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Body Snatching: The Robbing of Graves for the Education of Physicians in Early Nineteenth Century America

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Also called "resurrectionists," body snatchers, were careful not to take anything from the grave but the body--stealing only the corpse was not considered a felony since the courts had already said that a dead body had no owner. ("Burking"--i.e., murder--was the alternative method of supplying "stiffs" to medical schools; it is covered here as well). This book recounts the Also called "resurrectionists," body snatchers, were careful not to take anything from the grave but the body--stealing only the corpse was not considered a felony since the courts had already said that a dead body had no owner. ("Burking"--i.e., murder--was the alternative method of supplying "stiffs" to medical schools; it is covered here as well). This book recounts the practice of grave robbing for the medical education of American medical students and physicians during the late 1700s and 1800s in the US, why body snatching came about and how disinterment was done, and presents information on: efforts to prevent the practice, a group of professional grave robbers, and the European experience.


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Also called "resurrectionists," body snatchers, were careful not to take anything from the grave but the body--stealing only the corpse was not considered a felony since the courts had already said that a dead body had no owner. ("Burking"--i.e., murder--was the alternative method of supplying "stiffs" to medical schools; it is covered here as well). This book recounts the Also called "resurrectionists," body snatchers, were careful not to take anything from the grave but the body--stealing only the corpse was not considered a felony since the courts had already said that a dead body had no owner. ("Burking"--i.e., murder--was the alternative method of supplying "stiffs" to medical schools; it is covered here as well). This book recounts the practice of grave robbing for the medical education of American medical students and physicians during the late 1700s and 1800s in the US, why body snatching came about and how disinterment was done, and presents information on: efforts to prevent the practice, a group of professional grave robbers, and the European experience.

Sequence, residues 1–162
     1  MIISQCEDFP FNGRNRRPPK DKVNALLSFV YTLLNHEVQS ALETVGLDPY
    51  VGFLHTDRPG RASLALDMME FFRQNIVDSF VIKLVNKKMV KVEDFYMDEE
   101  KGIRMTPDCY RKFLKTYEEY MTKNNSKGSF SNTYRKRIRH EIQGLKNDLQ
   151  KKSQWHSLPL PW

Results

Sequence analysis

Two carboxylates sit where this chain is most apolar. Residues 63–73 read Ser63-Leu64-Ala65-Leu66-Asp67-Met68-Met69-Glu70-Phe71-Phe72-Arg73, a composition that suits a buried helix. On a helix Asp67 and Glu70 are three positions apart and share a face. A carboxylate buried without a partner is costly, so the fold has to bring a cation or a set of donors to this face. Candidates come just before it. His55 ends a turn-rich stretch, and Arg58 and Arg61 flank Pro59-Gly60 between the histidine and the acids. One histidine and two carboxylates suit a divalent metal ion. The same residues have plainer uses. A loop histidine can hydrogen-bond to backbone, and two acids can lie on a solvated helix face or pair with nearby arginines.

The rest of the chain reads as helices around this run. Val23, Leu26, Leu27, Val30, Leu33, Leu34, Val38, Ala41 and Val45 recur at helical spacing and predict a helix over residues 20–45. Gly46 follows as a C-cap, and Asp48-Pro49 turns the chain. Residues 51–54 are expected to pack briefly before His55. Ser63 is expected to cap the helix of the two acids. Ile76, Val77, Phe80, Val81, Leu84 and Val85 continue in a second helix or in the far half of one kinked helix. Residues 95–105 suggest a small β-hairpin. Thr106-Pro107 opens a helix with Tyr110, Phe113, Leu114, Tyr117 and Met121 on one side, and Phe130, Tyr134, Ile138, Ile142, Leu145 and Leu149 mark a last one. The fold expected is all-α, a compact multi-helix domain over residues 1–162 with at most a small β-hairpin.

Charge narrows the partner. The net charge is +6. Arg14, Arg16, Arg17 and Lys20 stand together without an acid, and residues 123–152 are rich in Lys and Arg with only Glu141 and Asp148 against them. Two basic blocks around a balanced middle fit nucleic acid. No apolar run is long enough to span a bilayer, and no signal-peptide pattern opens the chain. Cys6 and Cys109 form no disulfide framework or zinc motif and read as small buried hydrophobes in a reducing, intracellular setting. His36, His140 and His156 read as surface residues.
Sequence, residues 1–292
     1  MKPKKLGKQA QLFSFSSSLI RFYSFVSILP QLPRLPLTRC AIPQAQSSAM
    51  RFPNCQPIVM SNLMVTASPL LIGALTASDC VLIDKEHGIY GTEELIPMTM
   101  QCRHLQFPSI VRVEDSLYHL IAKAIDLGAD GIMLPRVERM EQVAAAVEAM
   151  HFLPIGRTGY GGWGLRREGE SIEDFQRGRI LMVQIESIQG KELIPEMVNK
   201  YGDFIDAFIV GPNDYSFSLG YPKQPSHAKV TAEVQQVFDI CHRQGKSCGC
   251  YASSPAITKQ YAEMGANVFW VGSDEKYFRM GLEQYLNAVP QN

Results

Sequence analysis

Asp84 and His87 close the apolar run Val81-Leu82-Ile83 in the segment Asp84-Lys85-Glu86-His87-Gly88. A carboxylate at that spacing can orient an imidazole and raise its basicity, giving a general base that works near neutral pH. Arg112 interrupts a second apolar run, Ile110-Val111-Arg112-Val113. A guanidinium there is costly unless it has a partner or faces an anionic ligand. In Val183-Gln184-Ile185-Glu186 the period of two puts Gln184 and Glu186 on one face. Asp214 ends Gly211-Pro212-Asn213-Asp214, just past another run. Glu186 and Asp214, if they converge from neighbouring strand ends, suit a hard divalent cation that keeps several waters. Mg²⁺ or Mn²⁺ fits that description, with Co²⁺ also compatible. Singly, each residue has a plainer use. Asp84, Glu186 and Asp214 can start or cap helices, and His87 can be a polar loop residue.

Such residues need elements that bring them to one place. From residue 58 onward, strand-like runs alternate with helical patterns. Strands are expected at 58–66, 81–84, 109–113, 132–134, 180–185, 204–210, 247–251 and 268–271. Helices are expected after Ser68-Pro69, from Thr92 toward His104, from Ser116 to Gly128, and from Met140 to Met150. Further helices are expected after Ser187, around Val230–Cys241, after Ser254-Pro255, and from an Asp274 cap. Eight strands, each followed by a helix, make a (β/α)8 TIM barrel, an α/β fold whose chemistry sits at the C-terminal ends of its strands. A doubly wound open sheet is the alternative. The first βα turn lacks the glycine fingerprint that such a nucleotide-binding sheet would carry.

34 review for Body Snatching: The Robbing of Graves for the Education of Physicians in Early Nineteenth Century America

  1. 4 out of 5

    Liz

    A good, comprehensive overview of the subject that also provides lots of individual cases and quotes primary sources.

  2. 5 out of 5

    Writer's Relief

    American history is fraught with oddball criminal cases, subcultures, and events that never make it into the textbooks. In BODY SNATCHING, Suzanne Shultz provides a fascinating and very readable account of the American body snatchers, or “resurrection men.” Body snatching was a serious problem in the nineteenth century that affected American families of every social class, many of whom took great pains to prevent relatives’ corpses from being stolen out of their graves. Most commonly, the perpet American history is fraught with oddball criminal cases, subcultures, and events that never make it into the textbooks. In BODY SNATCHING, Suzanne Shultz provides a fascinating and very readable account of the American body snatchers, or “resurrection men.” Body snatching was a serious problem in the nineteenth century that affected American families of every social class, many of whom took great pains to prevent relatives’ corpses from being stolen out of their graves. Most commonly, the perpetrators were medical students (or gangs of lower-class men hired by medical students) who struggled with an inadequate supply of cadavers for dissection. Before it was quelled, the illegal corpse trade became a burgeoning business, and some gangs rose to notoriety. Through a series of vignettes, period newspaper reports, and brief studies of individual physicians, students, and resurrection men, Shultz creates a morbidly captivating historical narrative that is not overburdened with minute details. At a brisk 144 pages, it’s definitely worth a look--and don’t pretend that you’re not even slightly curious.

  3. 5 out of 5

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